- The Master Mariner: A fisherman saves the life of the King of the Caves of the Sea and is rewarded with a talisman that brings him luck. He becomes a successful master mariner and falls in love with the beautiful princess of Silkland. However, he accidentally buys a bag containing a storm instead of wind, and his ship is attacked by pirates on their way to Silkland. He is thrown overboard, but his talisman activates, calling upon the King of the Caves of the Sea to rescue him. The storm hits the pirate ship, and the master mariner saves the princess and returns her safely to Silkland. He marries her, and everyone rejoices.
- Intelligence and Happiness: In this story, Intelligence and Happiness meet. Intelligence refuses to give way to Happiness, but when Happiness convinces Intelligence to enter a farmer’s son, Vanek, he uses his newfound intelligence to become a successful gardener. Vanek uses his intelligence to make the king’s garden beautiful and, when he makes the princess speak again, he is promised her hand in marriage. The king goes back on his word, Vanek is arrested, and Happiness takes his place in his head. However, the princess convinces the king to uphold his promise, and Vanek and the princess get married. In the end, Intelligence always makes room for Happiness whenever they meet.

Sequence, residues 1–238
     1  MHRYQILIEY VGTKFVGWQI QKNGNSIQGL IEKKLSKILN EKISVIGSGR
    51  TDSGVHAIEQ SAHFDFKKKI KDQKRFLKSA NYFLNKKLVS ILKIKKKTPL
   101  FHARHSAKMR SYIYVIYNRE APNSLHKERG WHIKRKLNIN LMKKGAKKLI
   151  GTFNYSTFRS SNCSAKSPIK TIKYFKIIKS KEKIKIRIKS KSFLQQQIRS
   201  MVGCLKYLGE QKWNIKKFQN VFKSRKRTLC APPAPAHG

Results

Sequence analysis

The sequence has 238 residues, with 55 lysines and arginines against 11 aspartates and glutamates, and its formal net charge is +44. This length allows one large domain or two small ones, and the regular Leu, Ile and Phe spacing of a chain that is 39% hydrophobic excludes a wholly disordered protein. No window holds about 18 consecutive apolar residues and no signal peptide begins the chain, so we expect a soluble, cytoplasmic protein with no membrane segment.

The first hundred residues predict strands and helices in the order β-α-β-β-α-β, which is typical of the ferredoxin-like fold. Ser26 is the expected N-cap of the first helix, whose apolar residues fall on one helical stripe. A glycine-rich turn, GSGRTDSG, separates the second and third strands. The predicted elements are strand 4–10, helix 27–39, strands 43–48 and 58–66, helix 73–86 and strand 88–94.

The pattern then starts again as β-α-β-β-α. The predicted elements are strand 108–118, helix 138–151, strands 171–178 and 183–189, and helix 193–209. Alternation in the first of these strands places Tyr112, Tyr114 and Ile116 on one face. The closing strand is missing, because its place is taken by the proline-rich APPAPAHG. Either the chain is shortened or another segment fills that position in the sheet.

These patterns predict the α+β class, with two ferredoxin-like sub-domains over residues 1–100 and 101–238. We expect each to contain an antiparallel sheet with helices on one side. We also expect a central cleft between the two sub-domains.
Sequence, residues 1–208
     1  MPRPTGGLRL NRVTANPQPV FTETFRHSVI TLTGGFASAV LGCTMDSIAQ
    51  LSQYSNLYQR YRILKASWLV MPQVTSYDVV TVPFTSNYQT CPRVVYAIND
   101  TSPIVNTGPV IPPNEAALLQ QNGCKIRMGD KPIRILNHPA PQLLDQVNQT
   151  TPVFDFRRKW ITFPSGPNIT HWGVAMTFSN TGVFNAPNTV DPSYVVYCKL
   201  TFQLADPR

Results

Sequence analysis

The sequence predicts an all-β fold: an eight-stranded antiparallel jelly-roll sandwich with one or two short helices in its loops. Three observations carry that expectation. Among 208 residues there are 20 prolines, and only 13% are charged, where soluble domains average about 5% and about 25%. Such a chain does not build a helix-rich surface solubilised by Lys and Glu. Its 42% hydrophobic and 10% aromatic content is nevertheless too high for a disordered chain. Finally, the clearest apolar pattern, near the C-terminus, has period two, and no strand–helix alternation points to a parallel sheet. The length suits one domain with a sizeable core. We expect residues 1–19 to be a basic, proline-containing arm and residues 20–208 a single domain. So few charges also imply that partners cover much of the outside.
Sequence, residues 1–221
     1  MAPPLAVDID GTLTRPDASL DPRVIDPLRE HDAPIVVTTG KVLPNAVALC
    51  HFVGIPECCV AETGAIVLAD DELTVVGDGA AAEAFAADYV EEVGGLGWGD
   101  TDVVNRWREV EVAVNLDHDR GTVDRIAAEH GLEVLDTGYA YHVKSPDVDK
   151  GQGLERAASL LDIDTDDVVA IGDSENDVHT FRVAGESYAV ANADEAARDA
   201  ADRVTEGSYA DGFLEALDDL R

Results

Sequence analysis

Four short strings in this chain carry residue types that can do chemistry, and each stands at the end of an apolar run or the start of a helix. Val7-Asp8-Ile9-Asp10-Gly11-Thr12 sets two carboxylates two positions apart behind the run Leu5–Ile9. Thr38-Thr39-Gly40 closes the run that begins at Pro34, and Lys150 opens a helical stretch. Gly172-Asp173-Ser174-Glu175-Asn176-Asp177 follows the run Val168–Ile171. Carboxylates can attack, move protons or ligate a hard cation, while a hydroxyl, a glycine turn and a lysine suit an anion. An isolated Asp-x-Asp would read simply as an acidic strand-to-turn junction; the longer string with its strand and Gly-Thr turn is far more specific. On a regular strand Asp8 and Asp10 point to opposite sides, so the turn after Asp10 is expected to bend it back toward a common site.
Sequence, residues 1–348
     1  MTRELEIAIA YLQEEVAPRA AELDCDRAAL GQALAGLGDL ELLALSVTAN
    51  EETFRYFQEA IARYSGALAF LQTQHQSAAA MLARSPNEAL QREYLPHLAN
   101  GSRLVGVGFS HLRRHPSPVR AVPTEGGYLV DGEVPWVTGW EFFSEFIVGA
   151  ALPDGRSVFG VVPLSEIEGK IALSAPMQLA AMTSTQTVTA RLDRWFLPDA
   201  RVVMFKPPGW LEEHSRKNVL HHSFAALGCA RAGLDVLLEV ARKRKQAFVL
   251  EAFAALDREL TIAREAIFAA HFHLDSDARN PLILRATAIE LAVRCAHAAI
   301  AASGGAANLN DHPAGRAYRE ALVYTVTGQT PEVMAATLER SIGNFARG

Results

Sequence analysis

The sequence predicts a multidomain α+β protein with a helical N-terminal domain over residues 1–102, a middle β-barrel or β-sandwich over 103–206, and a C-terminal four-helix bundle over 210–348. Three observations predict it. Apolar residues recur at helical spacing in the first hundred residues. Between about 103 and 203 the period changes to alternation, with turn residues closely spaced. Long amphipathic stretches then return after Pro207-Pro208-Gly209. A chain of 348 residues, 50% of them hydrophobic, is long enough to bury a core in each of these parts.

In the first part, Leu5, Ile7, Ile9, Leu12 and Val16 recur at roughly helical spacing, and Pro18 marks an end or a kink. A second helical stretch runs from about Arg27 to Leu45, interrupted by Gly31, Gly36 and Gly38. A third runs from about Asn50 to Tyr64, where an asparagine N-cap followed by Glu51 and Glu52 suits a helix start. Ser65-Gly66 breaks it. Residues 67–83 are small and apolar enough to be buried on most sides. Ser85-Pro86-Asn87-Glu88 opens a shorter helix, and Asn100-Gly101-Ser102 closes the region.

- The Bogey-Beast: The story is about an old, poor, and cheerful woman who finds a big black pot full of gold pieces in a ditch. She is excited and starts planning how to spend her riches. But as she takes breaks from dragging the heavy pot, she realizes that the contents keep changing from silver to iron, then to a stone that turns into a Bogey-Beast. Despite her disappointment, the woman remains cheery and considers herself lucky to have seen the creature all to herself.
In conclusion, the Top 14 Stories of Luck showcase the incredible power of fortuitous events that can change lives in surprising and delightful ways. These tales not only entertain and inspire young readers but also teach valuable lessons about gratitude, believing in oneself, and embracing the unexpected twists and turns that life has to offer. By sharing these stories, children are reminded that a little bit of luck, combined with hard work and resilience, can make all the difference in achieving their dreams and overcoming challenges. So, immerse yourself in these magical stories and remember to always keep an eye out for your own lucky moments, as they might be just around the corner!